When people are upsizing, downsizing or just relocating from their existing homes, they may essentially be ‘buying and selling at the same time’. If this is the case, there may need to be a simultaneous financial settlement of both transactions.
For example: a family owns an apartment worth $1m, but may wish to move into a house worth $2m. They have secured bank finance for $1.5m and therefore need some of the proceeds of the sale of the apartment to make up the difference(including stamp duty of course) at settlement.
That kind of transaction may seem to require a simultaneous financial settlement (although other options are available, as we set out below).
Is it possible to settle a purchase and sale at the same time?
Yes- but not without a degree of risk which needs to be managed.
From a financial payments perspective, the advent of electronic settlements platforms (such as PEXA) means that you can ‘link’ multiple transactions involving multiple buyers/sellers and banks. So this part is not a problem providing your bank comes to the table and is able to fund on time.
The risk lies more with what is known as the ‘domino effect’ in linked transactions.
When you are buying and selling at the same time, if your purchaser (on your sale)is late to settle - or defaults all together - this will normally cause you to be late to settle or default on your purchase. In most Australian jurisdictions, it is no excuse for failure to settle if your own sale failed to settle on time.
To make matters worse, very often people ‘buying and selling at the same time’ are ‘upsizing’ which means the applicable late fees or the deposit you might lose will both be larger than the fees and deposit you might earn from your defaulting purchaser.
…but why would my purchaser be late or default? Isn’t that quite rare?
Firstly and to dispel a misconception, it is not at all rare for a purchaser to be late to settle.
Very often it is caused by disorganisation with their financier or themselves. Sometimes it is caused by a dispute under the contract (e.g. the purchaser alleges that something was not properly disclosed to them in the contract and they refuse to settle until properly compensated).
When the purchaser is late, it will domino and you will probably be late on your linked purchase and you will incur late fees and potentially wasted removalist fees etc.
It is somewhat rare for a purchaser to default altogether but it does happen and when it does the effects are catastrophic. A potential reason why a purchaser may default is their finance is declined, they lose their job or suffer other major misadventure (maybe even death). Or they may simply not want to purchase the property any more and are indifferent to the financial consequences.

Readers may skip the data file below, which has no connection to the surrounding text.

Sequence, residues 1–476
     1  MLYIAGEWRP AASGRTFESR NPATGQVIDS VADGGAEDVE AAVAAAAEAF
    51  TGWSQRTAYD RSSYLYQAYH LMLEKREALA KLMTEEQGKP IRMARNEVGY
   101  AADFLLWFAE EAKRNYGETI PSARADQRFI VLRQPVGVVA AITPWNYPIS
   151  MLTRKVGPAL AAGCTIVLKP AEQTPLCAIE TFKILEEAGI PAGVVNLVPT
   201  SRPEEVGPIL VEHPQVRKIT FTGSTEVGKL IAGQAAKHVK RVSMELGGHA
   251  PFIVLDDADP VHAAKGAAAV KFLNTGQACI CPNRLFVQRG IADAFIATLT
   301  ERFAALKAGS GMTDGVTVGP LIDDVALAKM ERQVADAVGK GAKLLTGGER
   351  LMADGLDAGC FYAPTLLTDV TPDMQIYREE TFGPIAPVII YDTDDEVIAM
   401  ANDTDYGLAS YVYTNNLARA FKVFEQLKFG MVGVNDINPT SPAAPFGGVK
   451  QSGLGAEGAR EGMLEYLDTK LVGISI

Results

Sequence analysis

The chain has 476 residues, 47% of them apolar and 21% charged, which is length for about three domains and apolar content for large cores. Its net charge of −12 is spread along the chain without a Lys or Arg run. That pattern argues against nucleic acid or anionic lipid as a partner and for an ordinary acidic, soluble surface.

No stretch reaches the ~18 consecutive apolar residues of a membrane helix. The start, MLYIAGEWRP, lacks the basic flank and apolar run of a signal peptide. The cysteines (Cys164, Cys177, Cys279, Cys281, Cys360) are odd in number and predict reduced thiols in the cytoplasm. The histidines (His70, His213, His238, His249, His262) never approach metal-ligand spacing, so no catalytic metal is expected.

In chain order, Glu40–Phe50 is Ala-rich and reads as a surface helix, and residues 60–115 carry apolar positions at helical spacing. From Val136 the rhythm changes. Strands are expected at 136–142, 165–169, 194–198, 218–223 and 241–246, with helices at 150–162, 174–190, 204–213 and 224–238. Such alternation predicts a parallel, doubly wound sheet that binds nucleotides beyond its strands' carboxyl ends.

So what exactly happens if my purchaser delays or defaults?
If you have no other alternative means to finance your own purchase transaction, your purchaser’s delay/default will first cause you to incur late fees on your purchase.
These fees are usually calculated at 6% - 10% p.a. on the unpaid balance of the purchase price.
You normally have a fourteen day period after that (while lates are accruing) to settle. If you haven’t settled at that point the vendor can take your deposit and even sue you for any additional damages that it can prove it suffered.
It is important to remember that even a delay of a day or two can involve other costs and inconveniences for you e.g. removalist rebooking charges or cancelling any trades that you had organised to attend you new property.
If this does happen, can’t I hold my purchaser liable for any damages I suffer on my own purchase?
In theory, maybe, but as the adage goes ‘you can’t get blood from a stone’. Your purchaser may be bankrupt or passed away or they may claim they have legitimate contractual claim against you for something you didn’t disclose.
And even if you purchaser is still a going concern, the late fees and deposit you may be contractually entitled to may not be equivalent to your own losses.
Is there anything I can do to reduce these risks?
There are certain things you can do to potentially reduce the quantum of risk you face when doing simultaneous transactions. For example, we might try to negotiate a numerically higher deposit on your sale than what you pay on your purchase. Similarly, we might try to receive higher late fees on your sale than what you pay on your purchase.
We can also try and be flexible with moving logistics. It is sometimes possible to arrange either early occupation of the property you are purchasing or late occupation on the property you are selling. That way if settlement is delayed a day or two, you’re not left temporarily stranded.
However, we cannot ever mitigate the risk of the buyer defaulting altogether unless we stagger the settlement dates or find alternate financing.
By staggering the settlement dates, we mean settling your sale first and leaving a gap of say 1-2 weeks (or even longer) to settle your purchase. That way, if something goes wrong with your sale you have some time up your sleeve to make alternate plans such as putting the property back on the market and securing bridging finance in the meantime. However, this strategy will normally require some form of temporary accommodation / storage to be arranged once your buyer settles.
In terms of “bridging finance” this is always a very sensible Plan B to have in the background. This is where a bank agrees to fund (on a short term basis) the gap between your purchasing a property and selling a property. A lot of clients baulk at this because of the additional cost but we think it is a very useful form of insurance for if things go wrong.
Buying and selling at the same time is entirely possible. However, while simultaneous transactions may sometimes be required, they do pose execution risks. You need to discuss these with your conveyancer and plan a strategy to reduce these risks.